Washing dishes is a kitchen chore that we're hardly eager to get to. It takes a lot of the fun out of eating at home -- which is why the dishwasher has such a magical air to it (and why takeout is so appealing). Dishes go into it dirty and they come out clean, all with the simple push of a button. But not everything can go into this handy kitchen appliance -- some items can't handle the hot temperatures and others are too delicate for the abrasive detergent.
Loading the dishwasher only to unload warped containers, cracked cutting boards and chipped china wanes the sparkle and shine of its convenience. Don't let this happen to you. Get to the bottom of what is and is not safe for the dishwasher.
Crystal and hand-blown glass are sensitive to heat so they run the risk of cracking in the dishwasher; but that's not the only risk. Detergents can chip at them, causing them to lose their shine.
Good knives should never be put in the dishwasher -- they're more fragile than you might think. The agitation of the dishwasher's cycle turns the blade dull; and it can get dings and scratches from hitting other objects.
Those who are believers in the cast iron skillet know how much work goes into getting a well-seasoned pan. Putting a cast iron through the dishwasher will "clean" all that seasoning right off -- and the iron can rust.
Before putting anything made from wood in the dishwasher, check the manufacturer's instructions. Wooden items can easily warp, crack, come apart or lose their finish with the high temperatures of the dishwasher.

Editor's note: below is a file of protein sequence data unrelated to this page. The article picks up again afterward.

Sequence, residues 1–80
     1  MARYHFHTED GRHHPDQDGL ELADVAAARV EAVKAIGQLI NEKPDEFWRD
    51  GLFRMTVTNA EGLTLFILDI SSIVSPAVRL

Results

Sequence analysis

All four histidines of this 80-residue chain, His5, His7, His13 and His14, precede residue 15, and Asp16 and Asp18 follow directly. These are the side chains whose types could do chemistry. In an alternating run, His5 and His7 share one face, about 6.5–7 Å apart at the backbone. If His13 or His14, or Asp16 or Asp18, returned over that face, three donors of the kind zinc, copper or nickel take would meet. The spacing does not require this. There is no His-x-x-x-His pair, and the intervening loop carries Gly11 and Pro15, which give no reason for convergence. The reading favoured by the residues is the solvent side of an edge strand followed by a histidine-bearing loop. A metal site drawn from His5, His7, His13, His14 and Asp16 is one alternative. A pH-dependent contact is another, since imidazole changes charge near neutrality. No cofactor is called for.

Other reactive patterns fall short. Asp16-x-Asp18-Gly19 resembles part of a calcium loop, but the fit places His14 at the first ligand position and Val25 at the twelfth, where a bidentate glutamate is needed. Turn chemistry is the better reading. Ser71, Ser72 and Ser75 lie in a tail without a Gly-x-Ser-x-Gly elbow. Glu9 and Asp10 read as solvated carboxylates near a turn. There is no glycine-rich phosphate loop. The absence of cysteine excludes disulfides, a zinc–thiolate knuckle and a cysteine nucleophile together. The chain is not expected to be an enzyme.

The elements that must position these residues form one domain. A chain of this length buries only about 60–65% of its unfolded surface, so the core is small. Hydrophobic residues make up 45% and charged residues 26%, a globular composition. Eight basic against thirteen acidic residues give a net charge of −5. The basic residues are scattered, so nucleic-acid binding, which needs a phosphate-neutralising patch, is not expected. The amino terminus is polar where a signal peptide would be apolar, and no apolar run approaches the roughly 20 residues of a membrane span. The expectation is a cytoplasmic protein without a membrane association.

While these items themselves might not be damaged by the dishwasher, they can easily shift about during a cycle and transfer black marks to dishes and other items. Other aluminum items are not recommended for dishwasher cleaning either, they're susceptible to nicks and scratches.
According to the Whirlpool site, plastics are dishwasher safe (though you should check with the manufacturer's recommendations first) but disposable plastics are not. So those yogurt containers that you double as Tupperware, best to wash those by hand. And plastics that can withstand the heat of the dishwasher should only be loaded on the top rack.
While it's not recommended to wash your good knives in the dishwasher, most steak knives can be put through. The ones that shouldn't are hollow-handle knives. Most of them are attached by adhesives that can loosen when washed in a dishwasher.
If you want to rinse cans and bottles to recycle or reuse, it's best to wash them by hand. Labels attached with glue can loosen and clog the spray arms or pump and affect dishwasher performance.
That beautiful gold trimming on your plates, glasses or bowls run the risk of being removed by the dishwasher's harsh detergents and water pressure. We advise you wash these by hand.
Many non-stick pots and pans loss their "non stick" quality when washed in the dishwasher. It's better to err on the side of caution and wash these in the sink.
For those of you eating with gold-colored forks and knives (or if you who just happen to have gold flatware) the dishwasher is not advised. The color of your forks and knives will fade as a result of the harsh cycles.